Entrust Survey Reveals RSA Data Breach Undermines Confidence in Hard Token Authentication
- Almost one quarter of UK organizations have suffered security breach linked to authentication device.
- A third of organizations using hard tokens do not have an alternative method of authentication in place
- Three quarters of respondents believe confidence in hard tokens has been undermined
DALLAS, Dec. 12, 2011 /PRNewswire/ -- Entrust, a leader in identity-based security solutions, has announced the findings of a new survey with IT decision makers in the UK*, which reveals that almost a quarter of organizations, 23%, have suffered a security breach as a result of identity fraud which was linked to a lost or stolen authentication device.
The survey, which examines current and alternative methods of authentication, reveals that hard tokens are still widely used in the workplace, with four in five large organizations deploying them as a method of authentication. However, 33% of these do not have an alternative method of authentication in place should the hard token be compromised. The reasons given for not having an alternative method vary: 38% say it is because they never thought they would need one, whilst the same number, 38%, say this is because of the expense of deploying one.
Respondents were also asked about the ease with which they could change authentication methods in the event that a token is breached, such as between mobile, voice or SMS based authentication. This revealed that more than a third of respondents (36%) report that it would take longer than a day to change their authentication type with, most worryingly, some 15% reporting that it would take up to a month.
Recent high profile data breaches seem to have had an impact on the reputation of one-time-password tokens as a method of authentication. More than three quarters (76%), of respondents who are aware of the RSA data breach, believe that the RSA incident and similar breaches have indeed undermined confidence in one-time password tokens as an effective method of authentication.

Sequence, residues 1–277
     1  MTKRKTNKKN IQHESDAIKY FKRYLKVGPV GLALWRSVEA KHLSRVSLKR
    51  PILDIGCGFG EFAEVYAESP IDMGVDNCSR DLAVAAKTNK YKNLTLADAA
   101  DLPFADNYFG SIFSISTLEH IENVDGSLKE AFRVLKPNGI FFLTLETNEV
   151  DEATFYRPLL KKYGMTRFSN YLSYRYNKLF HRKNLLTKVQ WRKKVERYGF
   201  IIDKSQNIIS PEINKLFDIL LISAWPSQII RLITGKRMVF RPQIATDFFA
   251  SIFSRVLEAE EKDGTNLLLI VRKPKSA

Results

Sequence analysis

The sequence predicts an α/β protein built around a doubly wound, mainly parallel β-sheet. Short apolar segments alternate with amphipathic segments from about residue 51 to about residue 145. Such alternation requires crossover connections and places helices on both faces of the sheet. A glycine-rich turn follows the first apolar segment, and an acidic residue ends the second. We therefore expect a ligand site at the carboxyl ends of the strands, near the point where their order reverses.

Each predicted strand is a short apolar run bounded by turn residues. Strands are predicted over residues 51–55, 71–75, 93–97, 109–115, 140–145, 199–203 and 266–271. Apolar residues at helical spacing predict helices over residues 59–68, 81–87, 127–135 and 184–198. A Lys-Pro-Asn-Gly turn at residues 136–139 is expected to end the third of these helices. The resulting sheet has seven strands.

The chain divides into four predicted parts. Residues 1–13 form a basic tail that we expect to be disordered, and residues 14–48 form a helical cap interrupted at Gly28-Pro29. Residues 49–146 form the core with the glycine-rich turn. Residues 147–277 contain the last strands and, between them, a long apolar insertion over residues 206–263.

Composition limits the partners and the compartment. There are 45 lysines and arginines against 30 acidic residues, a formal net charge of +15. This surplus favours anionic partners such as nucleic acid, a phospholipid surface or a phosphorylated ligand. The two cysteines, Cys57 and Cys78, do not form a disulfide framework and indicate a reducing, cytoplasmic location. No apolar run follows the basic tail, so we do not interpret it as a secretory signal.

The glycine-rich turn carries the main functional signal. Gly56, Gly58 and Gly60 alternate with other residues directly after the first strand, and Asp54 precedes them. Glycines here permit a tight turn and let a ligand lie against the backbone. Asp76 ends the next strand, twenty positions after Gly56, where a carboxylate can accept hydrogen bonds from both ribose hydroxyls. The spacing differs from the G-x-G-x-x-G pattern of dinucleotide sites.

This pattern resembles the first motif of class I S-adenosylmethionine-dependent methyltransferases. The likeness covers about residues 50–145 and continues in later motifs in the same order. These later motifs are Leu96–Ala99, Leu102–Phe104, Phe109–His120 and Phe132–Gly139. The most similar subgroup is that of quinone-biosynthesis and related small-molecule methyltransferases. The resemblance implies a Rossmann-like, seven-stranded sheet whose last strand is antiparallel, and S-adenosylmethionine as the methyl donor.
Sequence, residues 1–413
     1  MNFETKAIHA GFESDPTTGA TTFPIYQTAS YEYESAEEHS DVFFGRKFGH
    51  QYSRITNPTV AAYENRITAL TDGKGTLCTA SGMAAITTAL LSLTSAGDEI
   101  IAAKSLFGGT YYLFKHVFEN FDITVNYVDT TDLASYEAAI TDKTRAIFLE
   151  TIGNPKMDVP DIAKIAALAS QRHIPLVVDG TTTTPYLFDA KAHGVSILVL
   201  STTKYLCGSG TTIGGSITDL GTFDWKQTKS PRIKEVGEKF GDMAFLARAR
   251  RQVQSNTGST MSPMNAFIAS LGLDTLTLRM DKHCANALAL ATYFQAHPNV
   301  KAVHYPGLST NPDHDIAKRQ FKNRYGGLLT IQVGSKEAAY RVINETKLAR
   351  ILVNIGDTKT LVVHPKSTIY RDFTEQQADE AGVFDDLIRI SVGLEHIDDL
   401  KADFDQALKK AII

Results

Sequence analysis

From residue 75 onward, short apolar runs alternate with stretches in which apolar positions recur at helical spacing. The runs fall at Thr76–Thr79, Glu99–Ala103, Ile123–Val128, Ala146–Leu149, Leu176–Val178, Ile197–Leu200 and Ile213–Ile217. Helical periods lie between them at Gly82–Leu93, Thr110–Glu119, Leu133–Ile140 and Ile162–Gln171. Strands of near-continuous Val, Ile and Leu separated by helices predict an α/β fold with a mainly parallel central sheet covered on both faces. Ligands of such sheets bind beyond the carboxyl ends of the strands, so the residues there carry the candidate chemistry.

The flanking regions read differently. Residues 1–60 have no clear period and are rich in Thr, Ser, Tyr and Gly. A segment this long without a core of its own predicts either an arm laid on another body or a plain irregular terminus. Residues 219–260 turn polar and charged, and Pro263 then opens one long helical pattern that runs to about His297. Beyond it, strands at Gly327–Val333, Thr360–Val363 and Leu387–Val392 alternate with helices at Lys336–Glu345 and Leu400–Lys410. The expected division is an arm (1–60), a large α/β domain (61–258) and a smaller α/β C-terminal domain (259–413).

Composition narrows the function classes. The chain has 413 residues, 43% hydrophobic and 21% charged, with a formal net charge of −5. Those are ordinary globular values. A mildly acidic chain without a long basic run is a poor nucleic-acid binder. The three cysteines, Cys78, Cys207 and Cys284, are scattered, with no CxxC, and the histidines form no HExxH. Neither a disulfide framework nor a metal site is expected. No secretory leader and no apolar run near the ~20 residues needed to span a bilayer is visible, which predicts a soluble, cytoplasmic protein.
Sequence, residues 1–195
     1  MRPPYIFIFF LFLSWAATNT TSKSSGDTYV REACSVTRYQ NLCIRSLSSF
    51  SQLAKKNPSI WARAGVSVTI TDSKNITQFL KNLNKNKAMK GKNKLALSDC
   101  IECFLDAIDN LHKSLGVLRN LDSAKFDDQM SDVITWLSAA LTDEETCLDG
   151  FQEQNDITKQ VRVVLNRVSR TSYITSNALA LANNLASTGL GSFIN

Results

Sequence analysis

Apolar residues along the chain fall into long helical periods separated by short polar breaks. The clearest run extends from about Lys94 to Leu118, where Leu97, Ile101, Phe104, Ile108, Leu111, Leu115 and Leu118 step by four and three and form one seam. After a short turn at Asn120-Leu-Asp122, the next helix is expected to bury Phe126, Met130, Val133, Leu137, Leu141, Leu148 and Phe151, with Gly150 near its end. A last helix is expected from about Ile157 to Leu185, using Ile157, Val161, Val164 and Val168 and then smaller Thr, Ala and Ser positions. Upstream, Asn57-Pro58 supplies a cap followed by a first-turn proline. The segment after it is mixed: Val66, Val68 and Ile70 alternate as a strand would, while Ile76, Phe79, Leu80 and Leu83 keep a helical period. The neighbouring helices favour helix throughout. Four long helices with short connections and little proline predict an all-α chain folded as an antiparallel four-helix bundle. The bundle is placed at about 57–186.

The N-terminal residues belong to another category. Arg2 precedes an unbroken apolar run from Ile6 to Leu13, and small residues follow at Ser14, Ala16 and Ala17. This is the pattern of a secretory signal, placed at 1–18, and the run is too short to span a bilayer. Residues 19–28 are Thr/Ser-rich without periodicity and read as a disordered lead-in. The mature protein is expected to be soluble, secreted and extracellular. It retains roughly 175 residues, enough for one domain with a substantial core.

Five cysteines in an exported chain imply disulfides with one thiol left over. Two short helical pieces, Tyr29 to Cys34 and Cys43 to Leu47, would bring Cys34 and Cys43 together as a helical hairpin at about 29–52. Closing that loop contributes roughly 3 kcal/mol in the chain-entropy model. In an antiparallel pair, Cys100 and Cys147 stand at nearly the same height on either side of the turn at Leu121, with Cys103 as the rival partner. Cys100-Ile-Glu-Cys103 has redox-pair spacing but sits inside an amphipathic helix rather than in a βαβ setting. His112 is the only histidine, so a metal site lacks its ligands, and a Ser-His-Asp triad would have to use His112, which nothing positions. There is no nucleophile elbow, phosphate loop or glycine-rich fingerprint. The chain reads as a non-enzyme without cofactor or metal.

The survey also reveals that lost hard tokens can crop up in the most unusual places. When asked about some of the strangest locations that they have heard of tokens being found, restaurant tables, washing machines, lavatories, trains and taxis were amongst the most frequently cited, whilst one respondent had even heard of a token being found inside a car tire.
Commenting on these findings, Mark Reeves, SVP International Sales of Entrust said, "It's concerning that a significant number of organizations have suffered a breach as a result of lost or compromised hard tokens, and even more worrying that so many would struggle to have an alternative method in place within a day. There's no escaping the fact that breaches do occur, with far-reaching ramifications, including massive disruption to people and the business through the loss of intellectual property and other sensitive corporate and client data."
Mark continues, "IT departments are now faced with a host of ever more sophisticated security challenges. For this reason, it can be risky to depend on just one method of authentication to protect against unauthorized access to their network. What's more, the 'old' solutions, such as hard tokens, are no match in stopping advanced online attacks. Authentication solutions now need to support multiple authentication mechanisms, and provide advanced measures if the primary authentication mechanism is compromised."
*Survey with 100 Senior IT Decision Makers, at organizations with more than 1000 employees, conducted by Vanson Bourne.
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